At some point every business owner confronts the prospect of selling the business.
Selling a business is as much a personal decision as it is a financial decision and the decision making process can be quite emotional. A transaction advisor, such as an investment banker, can provide an unemotional, objective perspective, which can be quite beneficial. In the end a successful sale can be quite liberating. There are many reasons for selling a business.
Often the majority of an owner’s wealth is tied up in the business, which is anilliquid investment. Underlying this wealth are the constant inherent risks associated with business performance, which can change and dramatically affect the owner’s financial position.
After spending so much time and investing so many resources to build a successful company, many owners want to enjoy the fruits of their labor, pursue other passions or spend more time with family.
A sale allows you to leave the business on your own terms and deliberately move to the next stage of your life
To support continued growth, businesses need to reinvest in themselves, and sometimes, this investment can be significant in terms of dollars, managerial talent and operational resources. Often, external capital is limited, which results in the owners supporting the growth from their own pocketbooks.
Through a sale you can realize the company’s value, obtain liquidity, rationally allocate roceeds among a diversified set of holdings and eliminate all ongoing business risk. Best of all, you will have money to spend as desired and can obtain peace of mind and security with a more balanced portfolio.
A sale to a well financed buyer can provide the funds to finance continued growth as well asadditional necessary resources. Further, there is no more enticing place for larger companies and financial groups to invest than in a smaller company with great growth potential.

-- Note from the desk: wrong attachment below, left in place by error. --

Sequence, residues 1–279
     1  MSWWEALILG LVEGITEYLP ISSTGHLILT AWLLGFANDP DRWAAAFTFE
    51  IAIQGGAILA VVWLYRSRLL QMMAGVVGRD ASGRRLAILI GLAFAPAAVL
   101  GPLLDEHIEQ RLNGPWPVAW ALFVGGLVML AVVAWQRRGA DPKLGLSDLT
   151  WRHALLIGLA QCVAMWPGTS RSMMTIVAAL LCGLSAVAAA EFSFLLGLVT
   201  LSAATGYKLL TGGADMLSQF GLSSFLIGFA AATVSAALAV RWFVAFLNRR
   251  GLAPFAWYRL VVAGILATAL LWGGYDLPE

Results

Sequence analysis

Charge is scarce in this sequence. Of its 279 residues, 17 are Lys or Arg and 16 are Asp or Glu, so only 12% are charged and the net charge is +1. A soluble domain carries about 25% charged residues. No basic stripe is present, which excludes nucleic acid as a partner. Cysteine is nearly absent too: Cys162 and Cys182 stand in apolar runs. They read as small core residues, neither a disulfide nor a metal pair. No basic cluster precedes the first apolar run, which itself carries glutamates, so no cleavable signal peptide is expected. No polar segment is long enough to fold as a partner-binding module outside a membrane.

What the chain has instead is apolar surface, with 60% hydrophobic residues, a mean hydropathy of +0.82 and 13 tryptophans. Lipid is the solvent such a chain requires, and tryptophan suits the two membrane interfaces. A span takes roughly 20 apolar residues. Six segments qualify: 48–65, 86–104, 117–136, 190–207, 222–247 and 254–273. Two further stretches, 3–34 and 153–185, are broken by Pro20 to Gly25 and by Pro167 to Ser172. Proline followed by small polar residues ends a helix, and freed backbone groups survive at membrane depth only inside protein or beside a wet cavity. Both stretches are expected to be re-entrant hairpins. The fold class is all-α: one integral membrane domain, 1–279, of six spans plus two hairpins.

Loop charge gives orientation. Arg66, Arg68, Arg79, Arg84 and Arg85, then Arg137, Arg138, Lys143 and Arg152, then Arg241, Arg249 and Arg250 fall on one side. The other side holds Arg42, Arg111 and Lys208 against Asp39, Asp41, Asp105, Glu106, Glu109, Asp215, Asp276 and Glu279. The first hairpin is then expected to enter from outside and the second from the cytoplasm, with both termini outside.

Handing the reins to a successor is often quite difficult after having spent a number of years building the business as well as having most of one’s net worth tied up in it. Additionally, many times family embers show no real interest in continuing with the business after having seen the sacrifices
Studies by the Small Business Administration and The Wharton School at the University of Pennsylvania have shown that less than 30% of businesses end up in the hands of the second generation and less than 10% make it to the third generation.
Various industry dynamics, such as consolidation among suppliers, customer or competitors, may result in uncertainty and increased competition. Without making substantial changes the business could become at risk.
In companies with multiple owners, differing goals and visions sometimes develop, which can cause friction, conflict, or at a minimum, lack of clear direction and stalemate.
Over time as the business changes, fatigue can occur in which the owner becomes tired of the ongoing administrative headaches and business risks. Often, the owner’s role has changed from performing the job he enjoys, such as sales or engineering, to administration. Further, during the course of building and operating a business, sadly some owners face various health issues that hinder their performance or that are exacerbated by the responsibilities and demands of operating their business.
Valuing a private business is a difficult proposition, especially after the death of the owner. Without proper estate planning, heirs may face a large tax bill without having the financial resources to pay it. Likewise, heirs may face other familial strains as they determine the best course of action with regard to the company’s future and the inheritance.
By selling as part of the estate plan, you provide for your heirs and reduce the burdens and potential for family conflicts. Most importantly, you will have received a much higher value for the company as compared to a quick sale or liquidation after death.